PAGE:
What is Eco Architecture?
‘Eco Architecture’, sometimes termed ‘Sustainable Architecture’ or ‘Eco Friendly Architecture’, is a phrase that describes architecture which is heavily focused on reducing the carbon footprint of the construction and life of a building, area or volume of space.
‘Eco’ refers to the ecological aspect, as decisions made during the design of buildings have direct impact, both good and bad, on the building’s immediate and wider ecological surroundings.
Eco Architecture In Domestic Contexts
When thinking about domestic or private residential architecture it’s quite common for people to believe they are creating ecologically sound architecture by adding solar PV or ground source heat pumps and so on. Yes, these do reduce the draw needed from the national grid for operational utilities such as gas and electric, but consider for a moment that beautiful Indian stone that you have laid in your kitchen – where did it come from? Well if it’s real, India of course – and how did it get to your kitchen floor? Through various means of transportation, such as planes, boats and lorries that all churn out harmful gases into the earth’s atmosphere and burn up our natural resources. So it’s all very well putting solar panels on a roof (which at least is a step in the right direction), but we need to address the underlying root of the problem.
In order to move forward as an industry, we need to try and get domestic clients to want to specify local materials not look through home design magazines and be completely detached from where the materials for their home are coming from. This is how we can start to truly bring down the construction eco footprint, allowing us to start making up for the massive carbon footprint it cost to build the house right from the word go.
Commercial Buildings and Eco Architecture
The commercial world of architecture also has similar issues. Huge concrete or steel frame structures take a massive amount of energy just to be constructed and then often, as wide open plan offices, they need a lot of heating and cooling which requires energy. In recent years it has been common for planning and building regulators to put in place requirements that help to mitigate this high volume of imbedded energy for large mass buildings such as skyscrapers, office block or housing developments. They are required to bolt on “eco credentials” and gain BREEAM (Building Research Establishment Environmental Assessment Methodology) points. An example of this would be a series of flushing toilets in an office block being fitted with short flush systems to save water.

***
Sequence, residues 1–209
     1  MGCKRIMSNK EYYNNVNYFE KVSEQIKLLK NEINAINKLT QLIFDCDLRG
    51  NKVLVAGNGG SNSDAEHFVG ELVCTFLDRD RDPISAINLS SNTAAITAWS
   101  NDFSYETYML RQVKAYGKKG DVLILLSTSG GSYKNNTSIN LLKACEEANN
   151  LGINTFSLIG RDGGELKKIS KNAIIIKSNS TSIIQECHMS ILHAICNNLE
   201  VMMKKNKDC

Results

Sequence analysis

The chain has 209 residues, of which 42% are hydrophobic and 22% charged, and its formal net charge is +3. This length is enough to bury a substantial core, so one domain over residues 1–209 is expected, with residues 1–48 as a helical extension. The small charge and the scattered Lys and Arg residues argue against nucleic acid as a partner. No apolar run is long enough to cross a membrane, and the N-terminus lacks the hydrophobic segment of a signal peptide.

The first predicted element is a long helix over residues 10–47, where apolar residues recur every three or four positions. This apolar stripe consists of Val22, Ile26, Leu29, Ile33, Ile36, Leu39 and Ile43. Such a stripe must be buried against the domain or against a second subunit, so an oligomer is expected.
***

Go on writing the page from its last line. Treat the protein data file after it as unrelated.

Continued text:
More recently it has become important for larger construction projects to consider not only their imbedded energy in construction but also the energy required to operate them. However, it is often the case that the impact can not be sufficiently mitigated, so it falls on larger companies to pay fines or “contributions”. These are then invested in other areas/regions of the same city. For example, if the site is too small for any foliage to be included in its landscape, monetary contributions are provided to allow the building to be built but then trees planted elsewhere around the city. The detrimental effect is that this form of mitigation creates a “pay it off” culture which allows developers and large companies to kind of offset the responsibility. This attitude, if left unchecked, will in my opinion in the long term have a detrimental effect on our towns and cities and our ability to combat climate change.
So what should we do about it?
We need to go back to the ‘cave man’ culture of material sourcing and specifying. The cave man did not build his/her shelter out of exotic materials from the next valley and beyond, it was too much effort. They scavenged for what they could in a surrounding region of their chosen home and created a shelter from materials available within a sensible radius. If we employed this culture into all aspects of construction (where possible) then we could reduce the imbedded carbon footprint of our buildings and through carefully considered design and “use strategy” we can later mitigate even further and lessen the impact of the life of the building as it moves forward.
Eco architecture is generally a term used by people who don’t understand what “sustainable design” really is. Modern day architecture should always be about the pursuit of encapsulating space for a specific purpose, keeping in mind the impact and consequences on the planet’s fragile eco system throughout the design and construction process.